Herschel Walker, meeting with US Air Force personnel at Travis Air Force base, California in November, 2014 Photo by U.S. Air Force/Ken Wright
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In a last-minute bid to shape the composition of the U.S. Senate, fossil fuel energy industry interests are planning to infuse $1.5 million into Georgia in support of Herschel Walker, the Republican facing off with Sen. Raphael Warnock, D-Ga., in the runoff on December 6.
The infusions of cash, designed largely for get-out-the-vote efforts, are detailed in documents tied to Run Herschel Run, a super PAC, and the Empowerment Alliance, a nonprofit that says it is devoted to policies to “secure America’s energy independence and, with it, Americans’ prosperity, freedom, and security.”
The effort reflects the consensus view that voter drop-off in the last Georgia runoff after the 2020 election led to Republican defeat, an outcome the outside groups hope to change for the election next week.
“Republicans lost both US Senate runoffs in 2021 because the Republican coalition that voted in November did not turnout in January,” notes a slide deck prepared by the Run Herschel Run political action committee. “Tens of millions of dollars were spent on television ads, but comparatively little on the vital ‘ground game’. This effort fills that gap in 2022 while others still focus on TV.”
The Empowerment Alliance is registered in Kentucky and does not disclose its donors. But the group, launched in 2019, hardly hides its affiliation with the oil, gas, and energy utility industries. The Empowerment Alliance promised when it launched to push a national campaign to promote natural gas while battling renewable energy-focused policies such as the Green New Deal.
Matthew Hammond, the executive director of the group, was previously the president of the Ohio Oil and Gas Association and a registered lobbyist for fracking interests. The Energy and Policy Institute, a watchdog group, published documents that show close financial ties, through surrogate groups, between the utility giants Duke Energy, American Electric Power, and Entergy to the Empowerment Alliance.
The alliance did not respond to a request for comment.
The Empowerment Alliance plans to contribute $1.5 million out of a planned $11.5 million budget for the Run Herschel Run super PAC, a group that is spearheading an independent effort to elect Walker, according to the leaked documents.
Spending records show the PAC has retained Majority Strategies to engage in direct marketing in opposition to Warnock.
The groups plan to target the nearly half million voters who voted for Republican Gov. Brian Kemp and declined to support Walker in the general election last month. The internal budget for the group lists $1 million for direct contact with voters door-to-door, $500,000 for telemarketing, $4 million for digital advertisements, and $5 million for traditional mail advertisements.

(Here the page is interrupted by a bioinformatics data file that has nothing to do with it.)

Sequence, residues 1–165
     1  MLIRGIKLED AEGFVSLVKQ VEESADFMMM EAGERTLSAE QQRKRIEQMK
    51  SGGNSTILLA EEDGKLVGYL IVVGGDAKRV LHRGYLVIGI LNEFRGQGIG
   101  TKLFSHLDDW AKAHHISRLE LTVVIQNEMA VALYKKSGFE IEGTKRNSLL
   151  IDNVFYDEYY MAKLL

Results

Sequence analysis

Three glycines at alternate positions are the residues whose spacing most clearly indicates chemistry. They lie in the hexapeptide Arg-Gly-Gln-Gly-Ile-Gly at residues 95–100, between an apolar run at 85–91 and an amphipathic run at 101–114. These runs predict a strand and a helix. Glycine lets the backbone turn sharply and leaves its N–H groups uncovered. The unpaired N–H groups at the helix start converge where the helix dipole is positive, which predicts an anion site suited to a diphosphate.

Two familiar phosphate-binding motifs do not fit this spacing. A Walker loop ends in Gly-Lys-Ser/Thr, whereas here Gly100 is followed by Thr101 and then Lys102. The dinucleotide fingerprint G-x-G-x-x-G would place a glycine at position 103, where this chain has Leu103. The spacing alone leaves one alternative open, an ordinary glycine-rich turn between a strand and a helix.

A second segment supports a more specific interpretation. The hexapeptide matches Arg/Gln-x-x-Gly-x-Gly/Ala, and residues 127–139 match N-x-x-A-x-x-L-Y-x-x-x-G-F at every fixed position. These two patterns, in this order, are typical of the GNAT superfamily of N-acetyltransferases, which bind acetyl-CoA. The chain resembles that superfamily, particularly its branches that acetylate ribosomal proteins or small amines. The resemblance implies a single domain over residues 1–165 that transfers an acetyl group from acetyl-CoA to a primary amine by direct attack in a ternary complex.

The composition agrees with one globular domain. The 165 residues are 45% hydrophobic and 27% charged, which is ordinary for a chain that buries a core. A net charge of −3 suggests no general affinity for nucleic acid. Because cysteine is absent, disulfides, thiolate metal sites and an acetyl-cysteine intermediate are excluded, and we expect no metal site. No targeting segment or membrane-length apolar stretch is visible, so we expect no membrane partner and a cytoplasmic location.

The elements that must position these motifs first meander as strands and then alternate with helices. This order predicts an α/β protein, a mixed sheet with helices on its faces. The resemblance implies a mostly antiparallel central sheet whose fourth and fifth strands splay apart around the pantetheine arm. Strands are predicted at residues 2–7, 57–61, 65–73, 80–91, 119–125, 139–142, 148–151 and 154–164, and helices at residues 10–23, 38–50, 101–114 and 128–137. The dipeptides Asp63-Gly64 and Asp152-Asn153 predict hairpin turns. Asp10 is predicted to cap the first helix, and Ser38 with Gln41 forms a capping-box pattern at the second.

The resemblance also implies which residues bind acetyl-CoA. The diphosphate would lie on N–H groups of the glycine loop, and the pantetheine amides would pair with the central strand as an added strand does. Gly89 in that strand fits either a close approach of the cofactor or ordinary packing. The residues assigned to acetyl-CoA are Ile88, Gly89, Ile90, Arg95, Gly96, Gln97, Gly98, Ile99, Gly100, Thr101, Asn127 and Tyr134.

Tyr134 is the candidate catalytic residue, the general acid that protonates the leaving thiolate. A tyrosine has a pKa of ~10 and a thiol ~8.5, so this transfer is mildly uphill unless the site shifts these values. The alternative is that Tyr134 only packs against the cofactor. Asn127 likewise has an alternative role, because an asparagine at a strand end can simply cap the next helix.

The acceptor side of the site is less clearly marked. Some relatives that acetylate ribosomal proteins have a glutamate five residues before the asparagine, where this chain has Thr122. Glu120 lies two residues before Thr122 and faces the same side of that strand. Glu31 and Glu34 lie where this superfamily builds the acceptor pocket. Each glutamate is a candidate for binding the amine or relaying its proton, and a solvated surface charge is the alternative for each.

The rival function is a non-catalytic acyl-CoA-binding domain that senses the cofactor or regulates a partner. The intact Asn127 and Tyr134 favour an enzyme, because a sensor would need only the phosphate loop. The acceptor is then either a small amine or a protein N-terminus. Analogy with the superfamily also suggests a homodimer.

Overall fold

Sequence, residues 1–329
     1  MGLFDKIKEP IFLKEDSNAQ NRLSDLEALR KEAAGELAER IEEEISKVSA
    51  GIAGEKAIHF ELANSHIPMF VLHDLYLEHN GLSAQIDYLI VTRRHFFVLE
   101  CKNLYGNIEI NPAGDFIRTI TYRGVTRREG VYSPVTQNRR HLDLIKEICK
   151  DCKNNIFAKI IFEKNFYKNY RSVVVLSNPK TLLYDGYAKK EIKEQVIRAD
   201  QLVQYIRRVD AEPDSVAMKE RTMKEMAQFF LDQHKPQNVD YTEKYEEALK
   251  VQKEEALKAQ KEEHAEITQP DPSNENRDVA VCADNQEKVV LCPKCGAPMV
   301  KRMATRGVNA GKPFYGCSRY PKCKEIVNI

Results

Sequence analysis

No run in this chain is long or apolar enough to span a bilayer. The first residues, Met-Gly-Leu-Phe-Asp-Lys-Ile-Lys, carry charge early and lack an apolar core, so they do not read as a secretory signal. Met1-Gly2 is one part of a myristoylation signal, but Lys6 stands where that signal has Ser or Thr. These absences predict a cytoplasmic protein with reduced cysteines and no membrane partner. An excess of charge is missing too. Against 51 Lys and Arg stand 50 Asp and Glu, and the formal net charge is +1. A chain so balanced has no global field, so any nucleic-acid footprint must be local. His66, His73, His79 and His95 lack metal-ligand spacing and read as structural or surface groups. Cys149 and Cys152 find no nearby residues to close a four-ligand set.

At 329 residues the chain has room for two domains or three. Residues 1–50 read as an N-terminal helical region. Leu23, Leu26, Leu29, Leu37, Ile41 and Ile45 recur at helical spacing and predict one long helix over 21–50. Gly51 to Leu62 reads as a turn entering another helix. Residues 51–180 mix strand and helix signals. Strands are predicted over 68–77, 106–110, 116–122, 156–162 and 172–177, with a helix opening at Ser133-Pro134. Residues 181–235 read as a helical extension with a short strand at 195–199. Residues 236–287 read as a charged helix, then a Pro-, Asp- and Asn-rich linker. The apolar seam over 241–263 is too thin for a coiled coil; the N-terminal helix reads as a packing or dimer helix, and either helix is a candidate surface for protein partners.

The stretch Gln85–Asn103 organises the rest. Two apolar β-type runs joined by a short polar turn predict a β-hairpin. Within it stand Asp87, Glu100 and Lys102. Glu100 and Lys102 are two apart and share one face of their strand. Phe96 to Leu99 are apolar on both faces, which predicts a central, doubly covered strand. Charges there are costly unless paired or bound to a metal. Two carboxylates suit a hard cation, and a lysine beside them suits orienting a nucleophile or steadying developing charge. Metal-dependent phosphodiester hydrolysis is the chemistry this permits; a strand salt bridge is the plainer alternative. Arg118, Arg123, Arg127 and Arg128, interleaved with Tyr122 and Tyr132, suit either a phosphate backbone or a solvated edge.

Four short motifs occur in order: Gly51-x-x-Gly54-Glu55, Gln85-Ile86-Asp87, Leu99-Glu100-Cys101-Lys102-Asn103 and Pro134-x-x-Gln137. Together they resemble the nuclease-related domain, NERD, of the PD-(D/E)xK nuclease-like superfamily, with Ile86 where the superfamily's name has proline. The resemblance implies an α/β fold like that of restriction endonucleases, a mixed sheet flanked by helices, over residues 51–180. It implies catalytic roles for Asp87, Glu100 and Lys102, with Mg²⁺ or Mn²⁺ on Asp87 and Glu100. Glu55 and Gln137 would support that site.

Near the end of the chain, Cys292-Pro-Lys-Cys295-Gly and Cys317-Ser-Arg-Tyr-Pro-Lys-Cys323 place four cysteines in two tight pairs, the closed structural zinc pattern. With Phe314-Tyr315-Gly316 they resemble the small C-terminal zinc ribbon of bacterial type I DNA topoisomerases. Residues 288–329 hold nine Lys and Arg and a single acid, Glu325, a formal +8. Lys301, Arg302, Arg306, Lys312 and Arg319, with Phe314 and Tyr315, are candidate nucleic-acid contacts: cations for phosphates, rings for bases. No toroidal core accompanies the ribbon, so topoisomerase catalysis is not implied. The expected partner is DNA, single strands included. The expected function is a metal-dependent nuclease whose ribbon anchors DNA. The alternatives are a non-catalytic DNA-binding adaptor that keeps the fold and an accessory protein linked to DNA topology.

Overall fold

The Empowerment Alliance President Brooke Bodney notes in one of the documents that her organization has identified 136,000 mid- to low-propensity voters who lean Republican, voted in the last runoff and general election, and care about energy issues.
The PAC’s pre-runoff disclosure filing shows a $50,000 donation from Javaid Anwar, the owner of Texas oil company Midland Energy. The bulk of the funding for Run Herschel Run may not be known until after Georgia has selected a senator. As OpenSecrets has noted, so-called pop-up super PACs involved in the runoff only have to file disclosures for donors through November 16, and many will not have to disclose donors until after the election is already over.
Earlier this year, the Affordable Energy PAC, a group that ran in “parallel” to the Empowerment Alliance, raised over $1 million for election-related purposes, largely to boost the campaign of J.D. Vance, who triumphed in his Senate race in Ohio. The Affordable Energy Fund maintains close ties to the Empowerment Alliance. The fund retained a consulting firm run by James Nathanson, a Republican consultant who served as the alliance’s first executive director.
“Vote Affordable Energy. Vote JD Vance,” read one of the mailers that went to Ohio voters. The group features similar messaging against Warnock on its website.
The Empowerment Alliance’s blunt talk disparaging renewable energy may face headwinds in Georgia. The dark-money group has sharply mocked the growing adoption of electric vehicles, and has sneered at the “ongoing electric vehicle push from the Biden Administration” as “just another slogan masquerading as policy.”
But electric vehicles have proven popular election-season issues for voters in Georgia.
Both Kemp and Warnock have regularly touted the success in bringing electric vehicle projects, including a $5.5 billion Hyundai factory to build electric cars and a $5 billion Rivian electric truck plant, manufacturing facilities that are set to bring thousands of jobs to the state.
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